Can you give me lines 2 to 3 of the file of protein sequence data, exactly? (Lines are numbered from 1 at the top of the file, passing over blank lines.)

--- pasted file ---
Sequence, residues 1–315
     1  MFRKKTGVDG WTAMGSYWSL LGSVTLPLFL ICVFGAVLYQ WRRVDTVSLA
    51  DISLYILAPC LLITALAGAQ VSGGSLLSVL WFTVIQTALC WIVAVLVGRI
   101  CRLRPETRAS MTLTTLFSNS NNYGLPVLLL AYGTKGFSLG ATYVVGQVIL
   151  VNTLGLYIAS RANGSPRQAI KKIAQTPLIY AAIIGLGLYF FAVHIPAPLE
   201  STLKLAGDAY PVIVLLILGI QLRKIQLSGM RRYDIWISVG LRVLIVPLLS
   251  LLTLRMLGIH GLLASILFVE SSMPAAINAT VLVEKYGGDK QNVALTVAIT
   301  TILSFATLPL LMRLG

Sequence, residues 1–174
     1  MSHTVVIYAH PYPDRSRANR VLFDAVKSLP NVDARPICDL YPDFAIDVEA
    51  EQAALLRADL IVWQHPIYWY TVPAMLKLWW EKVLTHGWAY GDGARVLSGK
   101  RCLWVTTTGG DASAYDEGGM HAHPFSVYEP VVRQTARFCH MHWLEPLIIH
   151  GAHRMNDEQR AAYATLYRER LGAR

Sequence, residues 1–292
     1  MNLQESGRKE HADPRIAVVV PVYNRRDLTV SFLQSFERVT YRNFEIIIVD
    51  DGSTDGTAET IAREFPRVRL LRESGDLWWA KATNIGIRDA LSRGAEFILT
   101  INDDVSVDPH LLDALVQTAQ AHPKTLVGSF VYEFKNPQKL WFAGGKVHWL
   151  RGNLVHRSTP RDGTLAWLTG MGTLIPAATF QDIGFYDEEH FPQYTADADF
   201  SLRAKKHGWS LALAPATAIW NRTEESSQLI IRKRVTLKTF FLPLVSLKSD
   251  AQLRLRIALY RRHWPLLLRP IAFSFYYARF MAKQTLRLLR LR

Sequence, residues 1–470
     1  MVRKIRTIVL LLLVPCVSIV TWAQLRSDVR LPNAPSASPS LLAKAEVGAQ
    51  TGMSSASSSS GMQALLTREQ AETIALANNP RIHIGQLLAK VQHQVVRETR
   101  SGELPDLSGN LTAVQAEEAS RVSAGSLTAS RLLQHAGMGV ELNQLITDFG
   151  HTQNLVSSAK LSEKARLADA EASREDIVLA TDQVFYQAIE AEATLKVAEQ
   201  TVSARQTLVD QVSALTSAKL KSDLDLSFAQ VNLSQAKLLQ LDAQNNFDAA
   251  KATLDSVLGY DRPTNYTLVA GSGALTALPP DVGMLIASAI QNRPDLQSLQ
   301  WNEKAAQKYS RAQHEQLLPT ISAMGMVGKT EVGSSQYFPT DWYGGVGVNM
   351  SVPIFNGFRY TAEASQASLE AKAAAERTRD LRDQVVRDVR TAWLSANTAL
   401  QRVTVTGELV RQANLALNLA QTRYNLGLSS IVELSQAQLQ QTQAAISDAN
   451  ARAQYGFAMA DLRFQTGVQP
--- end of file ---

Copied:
     1  MFRKKTGVDG WTAMGSYWSL LGSVTLPLFL ICVFGAVLYQ WRRVDTVSLA
    51  DISLYILAPC LLITALAGAQ VSGGSLLSVL WFTVIQTALC WIVAVLVGRI